Koki Tanaka

Provisional Studies (Working Title)


Opening: 22.06.2017
Curated by: Barbara Steiner
Venue: Space02

Interview with Koki Tanaka

About the exhibition

Can you compose a sound track jointly and have five people play it on one piano? Can seven people write a protest song together? The Japanese artist Koki Tanaka creates situations—or you could call them ‘experimental set-ups’—that invite people to try out tasks that seem impossible. His works often revolve around the question: what and how can we achieve together?


In Tanaka’s first solo exhibition in Austria, the Kunsthaus Graz will show projects that involve collectivity and the potential for joint action. These include a new film work whose starting-point is the protest against the startup of the Zwentendorf Nuclear Power Plant in the late 1970s. Tanaka’s interest is also very much to do with the major earthquake and Fukushima disaster of 2011, as well as the resulting collective actions that took place in Japan, including silent protests, against nuclear energy.


A feature shared by all of the projects is that participants have to be open to exchange, develop a sense of community and creativity and at the same time explore new rules of negotiation and collaboration. Apart from his interest in collective forms of protest, Koki Tanaka’s focus lies on recollection, the identity-building function of shared events burned into the memory and their actualisation for the present day.




Koki Tanaka, * 1975 in Tochigi, lives and works in Kyoto, Japan. His works have been exhibited worldwide at venues including the Hammer Museum, Los Angeles; Van Abbemuseum, Eindhoven; ICA, London; Skulpturen Projekte Münster 2017; Liverpool Biennale 2016, Taipei Biennale 2006, the Gwangju Biennale 2008. He achieved greater prominence in Europe following his exhibition at the Japanese pavilion and its special mention at the 55th Venice Biennale. In 2015 he was named Artist of the Year by Deutsche Bank.

Koki Tanaka & Haegue Yang im Kunsthaus Graz
Barbara Steiner im Gespräch mit Koki Tanaka und Katrin Bucher-Trantow

Quick Tour

Together we are strong? Expand Box

Many things in life can only be achieved through teamwork. And yet working with other people can be difficult.

Before a group acts jointly they have to find a common way forward. Different opinions may collide. This process is exciting, but also time-consuming. This is why it sometimes seems simpler for one person to take the lead and decide what needs to be done. Although this means, of course, that all the others give up their right to have a say in what happens.  

Democracy is slow Expand Box

Within a group of people, can everyone get a chance to speak?

Do everyone’s concerns get heard?

Will an agreement ever be reached?


Koki Tanaka is convinced: democratic cooperation takes a lot of time. It is a seemingly endless undertaking, especially as the common goal can change: What exactly is it that we want to achieve together? As a result, when we collaborate there is much that remains tentative, provisional. Collaboration is a process with an open end.  

Provisional Studies: Action #8 Rewriting A Song For Zwentendorf Expand Box

The nuclear power station in Zwentendorf is unique: The building was finished but it never went into operation. During the 1970s there were large-scale protests against its activation. Eventually, in 1978, a referendum was held: 50.47 per cent voted against its start-up.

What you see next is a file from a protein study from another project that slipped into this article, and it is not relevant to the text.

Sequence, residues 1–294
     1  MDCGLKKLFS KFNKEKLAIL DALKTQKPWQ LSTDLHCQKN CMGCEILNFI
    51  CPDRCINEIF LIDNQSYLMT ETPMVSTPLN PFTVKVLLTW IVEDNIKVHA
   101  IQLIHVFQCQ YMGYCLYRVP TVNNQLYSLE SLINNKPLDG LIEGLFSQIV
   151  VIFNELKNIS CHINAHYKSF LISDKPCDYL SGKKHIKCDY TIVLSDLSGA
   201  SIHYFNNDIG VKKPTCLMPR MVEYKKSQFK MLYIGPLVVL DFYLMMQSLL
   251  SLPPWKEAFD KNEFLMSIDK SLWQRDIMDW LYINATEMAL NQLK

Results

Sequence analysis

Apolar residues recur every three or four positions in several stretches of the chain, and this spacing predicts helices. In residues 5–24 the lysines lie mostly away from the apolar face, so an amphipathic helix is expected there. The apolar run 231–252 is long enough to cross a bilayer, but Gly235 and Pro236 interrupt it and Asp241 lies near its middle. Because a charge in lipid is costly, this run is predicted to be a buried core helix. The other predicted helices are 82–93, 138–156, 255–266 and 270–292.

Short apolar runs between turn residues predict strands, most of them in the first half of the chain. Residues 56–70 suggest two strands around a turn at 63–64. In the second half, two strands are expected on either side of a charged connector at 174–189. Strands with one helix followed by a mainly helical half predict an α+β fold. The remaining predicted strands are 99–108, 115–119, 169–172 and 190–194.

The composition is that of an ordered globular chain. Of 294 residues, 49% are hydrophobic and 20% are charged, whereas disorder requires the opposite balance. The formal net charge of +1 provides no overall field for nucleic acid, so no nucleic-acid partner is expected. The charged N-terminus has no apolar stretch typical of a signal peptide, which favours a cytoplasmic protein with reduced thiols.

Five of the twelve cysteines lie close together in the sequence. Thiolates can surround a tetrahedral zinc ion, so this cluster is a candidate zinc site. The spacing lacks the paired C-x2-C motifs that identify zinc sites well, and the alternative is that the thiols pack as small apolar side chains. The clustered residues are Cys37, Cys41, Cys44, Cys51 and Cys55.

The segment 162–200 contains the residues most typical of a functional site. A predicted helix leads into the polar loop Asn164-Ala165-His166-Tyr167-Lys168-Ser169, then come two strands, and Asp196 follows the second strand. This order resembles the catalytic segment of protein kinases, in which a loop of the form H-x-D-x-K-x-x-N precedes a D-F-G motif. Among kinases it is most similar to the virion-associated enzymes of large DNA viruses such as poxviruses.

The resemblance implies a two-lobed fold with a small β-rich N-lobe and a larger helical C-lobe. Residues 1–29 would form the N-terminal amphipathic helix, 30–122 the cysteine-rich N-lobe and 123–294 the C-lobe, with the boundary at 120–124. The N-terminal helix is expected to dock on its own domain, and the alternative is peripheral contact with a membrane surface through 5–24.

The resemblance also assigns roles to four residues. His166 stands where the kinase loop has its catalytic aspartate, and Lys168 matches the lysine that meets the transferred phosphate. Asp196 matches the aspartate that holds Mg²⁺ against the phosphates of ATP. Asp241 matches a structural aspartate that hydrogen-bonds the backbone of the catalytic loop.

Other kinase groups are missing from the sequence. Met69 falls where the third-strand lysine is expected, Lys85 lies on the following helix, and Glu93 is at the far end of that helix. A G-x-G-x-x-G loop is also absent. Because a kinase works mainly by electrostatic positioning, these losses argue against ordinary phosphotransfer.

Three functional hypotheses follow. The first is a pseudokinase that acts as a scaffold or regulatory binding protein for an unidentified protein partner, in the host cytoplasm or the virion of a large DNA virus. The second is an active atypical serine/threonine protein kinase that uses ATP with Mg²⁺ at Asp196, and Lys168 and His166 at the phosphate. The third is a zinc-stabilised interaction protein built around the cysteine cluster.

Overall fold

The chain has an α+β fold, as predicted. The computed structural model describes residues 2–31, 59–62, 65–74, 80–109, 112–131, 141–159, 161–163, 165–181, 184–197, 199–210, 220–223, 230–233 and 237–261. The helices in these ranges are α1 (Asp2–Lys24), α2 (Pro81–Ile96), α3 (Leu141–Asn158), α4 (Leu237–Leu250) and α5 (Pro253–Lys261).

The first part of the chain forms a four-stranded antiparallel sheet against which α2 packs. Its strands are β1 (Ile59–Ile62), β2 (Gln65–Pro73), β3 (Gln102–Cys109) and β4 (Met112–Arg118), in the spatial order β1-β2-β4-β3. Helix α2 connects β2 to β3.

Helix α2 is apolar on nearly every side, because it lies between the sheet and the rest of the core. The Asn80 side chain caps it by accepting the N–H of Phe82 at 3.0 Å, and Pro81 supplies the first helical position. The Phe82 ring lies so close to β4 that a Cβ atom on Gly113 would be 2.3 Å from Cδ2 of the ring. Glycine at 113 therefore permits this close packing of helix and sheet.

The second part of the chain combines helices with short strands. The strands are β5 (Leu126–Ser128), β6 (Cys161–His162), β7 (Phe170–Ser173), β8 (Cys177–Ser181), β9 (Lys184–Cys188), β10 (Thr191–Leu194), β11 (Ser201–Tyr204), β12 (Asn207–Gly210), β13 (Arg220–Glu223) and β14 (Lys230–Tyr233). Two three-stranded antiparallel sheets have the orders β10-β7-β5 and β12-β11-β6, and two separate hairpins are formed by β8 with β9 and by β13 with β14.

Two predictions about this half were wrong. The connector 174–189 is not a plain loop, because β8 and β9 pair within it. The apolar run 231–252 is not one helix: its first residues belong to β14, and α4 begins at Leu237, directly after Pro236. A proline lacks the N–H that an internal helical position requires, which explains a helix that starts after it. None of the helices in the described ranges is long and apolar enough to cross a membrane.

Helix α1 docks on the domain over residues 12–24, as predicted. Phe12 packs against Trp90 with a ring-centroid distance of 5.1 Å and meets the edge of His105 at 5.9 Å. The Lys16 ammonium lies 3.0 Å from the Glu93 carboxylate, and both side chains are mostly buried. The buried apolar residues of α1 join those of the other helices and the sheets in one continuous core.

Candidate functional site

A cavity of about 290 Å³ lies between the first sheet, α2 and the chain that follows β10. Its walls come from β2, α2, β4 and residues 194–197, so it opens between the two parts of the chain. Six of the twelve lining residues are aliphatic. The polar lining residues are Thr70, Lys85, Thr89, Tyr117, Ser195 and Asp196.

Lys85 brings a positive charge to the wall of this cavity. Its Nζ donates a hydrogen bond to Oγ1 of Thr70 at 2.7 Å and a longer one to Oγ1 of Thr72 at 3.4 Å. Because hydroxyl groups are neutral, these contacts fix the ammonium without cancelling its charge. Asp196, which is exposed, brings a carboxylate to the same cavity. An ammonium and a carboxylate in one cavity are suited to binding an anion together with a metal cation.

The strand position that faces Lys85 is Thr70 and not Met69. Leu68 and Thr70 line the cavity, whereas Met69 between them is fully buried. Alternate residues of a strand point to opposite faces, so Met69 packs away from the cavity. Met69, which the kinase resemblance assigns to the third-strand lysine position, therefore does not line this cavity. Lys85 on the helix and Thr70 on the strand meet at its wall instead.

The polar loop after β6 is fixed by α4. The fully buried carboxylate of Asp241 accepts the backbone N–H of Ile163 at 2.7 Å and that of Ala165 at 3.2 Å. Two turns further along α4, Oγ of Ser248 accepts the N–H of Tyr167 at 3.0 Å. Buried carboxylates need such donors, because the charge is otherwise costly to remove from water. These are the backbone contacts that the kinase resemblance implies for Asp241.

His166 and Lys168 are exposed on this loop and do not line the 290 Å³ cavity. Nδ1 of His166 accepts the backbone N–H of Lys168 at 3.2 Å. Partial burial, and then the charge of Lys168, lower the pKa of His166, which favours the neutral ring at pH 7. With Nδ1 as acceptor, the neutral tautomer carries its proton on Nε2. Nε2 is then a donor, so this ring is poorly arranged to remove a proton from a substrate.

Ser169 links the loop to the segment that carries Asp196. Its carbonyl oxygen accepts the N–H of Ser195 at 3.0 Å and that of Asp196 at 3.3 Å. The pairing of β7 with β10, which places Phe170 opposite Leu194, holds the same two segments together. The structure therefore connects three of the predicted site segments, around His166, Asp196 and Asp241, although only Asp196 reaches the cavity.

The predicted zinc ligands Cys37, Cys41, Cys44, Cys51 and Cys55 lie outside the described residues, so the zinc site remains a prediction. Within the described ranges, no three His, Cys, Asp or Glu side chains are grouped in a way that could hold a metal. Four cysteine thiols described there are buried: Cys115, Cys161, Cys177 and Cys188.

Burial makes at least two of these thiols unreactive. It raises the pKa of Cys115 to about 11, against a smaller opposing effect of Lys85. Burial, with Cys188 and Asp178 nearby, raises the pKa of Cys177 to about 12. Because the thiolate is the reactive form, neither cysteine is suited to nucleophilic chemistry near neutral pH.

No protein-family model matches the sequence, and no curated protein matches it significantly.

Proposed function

This project brings together people who took part in the protests against Zwentendorf with young people today. The aim is that they write a new protest song. This is a collaboration between different generations. Who can contribute to the result, and what? Who is learning from whom here? There is one point everyone agrees on: The use of nuclear energy is a subject that affects all of us.  

Precarious Tasks #7: Try to Keep Conscious about a Specific Social Issue, in This Case ‘Anti-Nuke’, as Long as Possible while You are Wearing Yellow Color Expand Box

In the hectic rush of everyday life we often do not find enough time to be actively involved in the things that are important to us. Can everyday life and political involvement be combined?


Koki Tanaka puts out some fabric in a gallery in Tokyo. The fabric is yellow—a color that stands for resistance against the use of nuclear power. Whoever wants can cut off a piece and wear it as a sign of protest against nuclear power. Wearing yellow fabric becomes a silent protest. Political protest can take many forms. It can be loud or quiet, strident or restrained; it can be an ‘event’ or an everyday action.  

A Piano Played by Five Pianists at Once (First Attempt) Expand Box

Koki Tanaka invites five musicians to compose a piece of music jointly and then play it together on the piano. The five people are of course used to composing and playing music. But here they face a new challenge: they must accept the others’ way of working and possibly change their own. In the end, there is not just one composer or performer, but many.

Are they all happy with the result?  

Daytime Task Expand Box

Is cooperation something that we have to practise every day?

This exhibition not only invites us to look but also calls on us to act:

Can you imagine yourself performing the ‘Daytime Task’?

How would it change your everyday life?   

Provisional Studies: Action #6 1985 School Students Strike Expand Box

In 1985, thousands of students gathered on the streets of Liverpool: Young people protesting against being exploited as cheap labour. Decades later, the same people reconstructed that protest.

What has changed?

Are the concerns they had back then still current today?


Looking back, some feel proud: They fought for the right to have a say in decisions that affected their future. What was it that inspired them to become politically active?  


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